After visiting the U.S. capital twice earlier this year, this week Premier Jason Kenney is on the hill once again to encourage the American market to expand Alberta oil imports, with the trip raising questions among political pundits.
He’s joined by energy minister Sonya Savage to participate in the IHS Oil Sands Dialogue, as well as events organized by the Pathways Alliance, a lobby group representing the six major Canadian oil sands producers.
Savage said Tuesday that there is increasing American interest in Alberta’s energy resources.
“When the United States is looking for reliable, secure affordable energy and looking for more production more oil and gas and we have it,” she said.
She added “We just need to get the policy framework right to be able to get more product into the United States.”
Savage says there is increasing American interest in Alberta’s energy resources.
NOT ACTING AS CARETAKER
However, one political expert said things are not the same now for Kenney and his cabinet ministers to continue to campaign to the U.S. oil market.
On May 18 Kenney won the United Conservative Party (UCP) leadership review by a slight margin of 51.4 percent before promptly announcing he was stepping down.
However he’s staying on until a new leader is selected and now this trip is raising questions for MRU political scientist Duane Bratt.
“Really, he’s a ‘caretaker premier’ at this moment, and shouldn’t be making international trips,” said Bratt.
He added, “If a delegation shows up from Washington, to Alberta, sure, then you meet with them. But to take the time to go to Washington, I think it’s a mistake. I don’t know what interest it serves.”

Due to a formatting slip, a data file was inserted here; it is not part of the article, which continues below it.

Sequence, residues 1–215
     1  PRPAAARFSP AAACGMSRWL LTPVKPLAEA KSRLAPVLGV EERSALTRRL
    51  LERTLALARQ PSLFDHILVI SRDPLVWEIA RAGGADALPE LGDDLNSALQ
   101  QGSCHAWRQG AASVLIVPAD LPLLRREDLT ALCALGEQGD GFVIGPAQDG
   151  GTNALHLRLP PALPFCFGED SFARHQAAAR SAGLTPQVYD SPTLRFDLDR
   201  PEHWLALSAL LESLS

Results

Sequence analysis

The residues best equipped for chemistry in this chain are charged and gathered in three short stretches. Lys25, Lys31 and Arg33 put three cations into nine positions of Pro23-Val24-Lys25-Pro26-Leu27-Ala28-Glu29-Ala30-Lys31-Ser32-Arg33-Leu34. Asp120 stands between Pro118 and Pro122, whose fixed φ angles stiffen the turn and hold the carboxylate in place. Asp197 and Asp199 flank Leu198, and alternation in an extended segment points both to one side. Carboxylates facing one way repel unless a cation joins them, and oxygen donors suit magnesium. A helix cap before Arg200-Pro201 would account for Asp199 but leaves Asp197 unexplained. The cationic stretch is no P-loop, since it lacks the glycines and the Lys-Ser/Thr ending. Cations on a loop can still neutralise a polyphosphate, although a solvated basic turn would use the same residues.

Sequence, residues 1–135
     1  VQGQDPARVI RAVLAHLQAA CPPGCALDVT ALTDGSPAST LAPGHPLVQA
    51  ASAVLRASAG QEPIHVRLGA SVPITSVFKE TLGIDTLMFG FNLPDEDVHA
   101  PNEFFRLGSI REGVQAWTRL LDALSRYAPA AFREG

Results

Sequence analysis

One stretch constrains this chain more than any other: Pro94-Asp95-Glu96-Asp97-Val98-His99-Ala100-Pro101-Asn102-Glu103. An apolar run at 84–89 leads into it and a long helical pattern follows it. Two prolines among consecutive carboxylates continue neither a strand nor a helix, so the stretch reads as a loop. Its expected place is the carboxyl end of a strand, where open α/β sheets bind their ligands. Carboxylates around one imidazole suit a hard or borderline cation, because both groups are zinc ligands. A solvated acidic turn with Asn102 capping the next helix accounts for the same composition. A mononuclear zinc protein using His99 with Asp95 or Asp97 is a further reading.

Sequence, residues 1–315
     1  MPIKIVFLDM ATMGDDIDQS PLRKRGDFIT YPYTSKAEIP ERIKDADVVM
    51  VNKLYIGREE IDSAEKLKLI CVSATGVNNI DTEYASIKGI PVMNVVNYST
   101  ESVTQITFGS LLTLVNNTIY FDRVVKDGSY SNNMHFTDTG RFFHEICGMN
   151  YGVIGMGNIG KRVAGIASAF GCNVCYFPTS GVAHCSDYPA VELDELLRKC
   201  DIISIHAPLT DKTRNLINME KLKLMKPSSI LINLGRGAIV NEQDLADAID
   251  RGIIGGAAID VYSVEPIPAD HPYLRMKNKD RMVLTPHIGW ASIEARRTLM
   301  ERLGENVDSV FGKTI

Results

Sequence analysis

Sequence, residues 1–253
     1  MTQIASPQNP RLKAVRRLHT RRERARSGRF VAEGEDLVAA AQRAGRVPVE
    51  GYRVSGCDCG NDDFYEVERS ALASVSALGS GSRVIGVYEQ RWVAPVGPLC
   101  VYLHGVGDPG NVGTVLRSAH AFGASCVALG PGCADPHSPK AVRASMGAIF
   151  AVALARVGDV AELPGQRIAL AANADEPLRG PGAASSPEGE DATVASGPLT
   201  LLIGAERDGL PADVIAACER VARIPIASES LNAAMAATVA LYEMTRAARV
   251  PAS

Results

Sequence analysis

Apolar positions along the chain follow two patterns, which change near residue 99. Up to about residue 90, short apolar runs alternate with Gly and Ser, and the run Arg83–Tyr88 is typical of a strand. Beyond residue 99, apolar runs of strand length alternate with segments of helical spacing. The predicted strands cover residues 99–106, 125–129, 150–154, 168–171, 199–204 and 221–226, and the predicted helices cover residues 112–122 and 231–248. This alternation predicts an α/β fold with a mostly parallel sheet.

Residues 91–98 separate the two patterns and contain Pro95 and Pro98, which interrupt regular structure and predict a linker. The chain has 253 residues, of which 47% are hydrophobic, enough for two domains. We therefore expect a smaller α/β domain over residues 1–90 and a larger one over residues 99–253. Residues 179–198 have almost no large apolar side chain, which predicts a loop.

Savage said internal party politics is not serving as a distraction to promoting provincial economic interests.
“We will continue those dialogues, they can’t stop just because we’ve got political events happening in Alberta we need to pursue and we need to double down on some of these conversations,” said Savage.
She added that the provincial government has an office in Washington D.C. staffed year-round to carry on progress in Alberta-U.S.A relations.
NEW LEADER TO BE SELECTED
However Bratt said continuity will be difficult to establish once a new leader, and interim premier, is in place.
“Even though it’s another member of (the United Conservative) Party, they may be taking that party in a very different direction, depending on how the leadership race goes.”
The UCP will select a new leader on Oct. 6.
Eight candidates are in the running so far.
With files from Canadian Press
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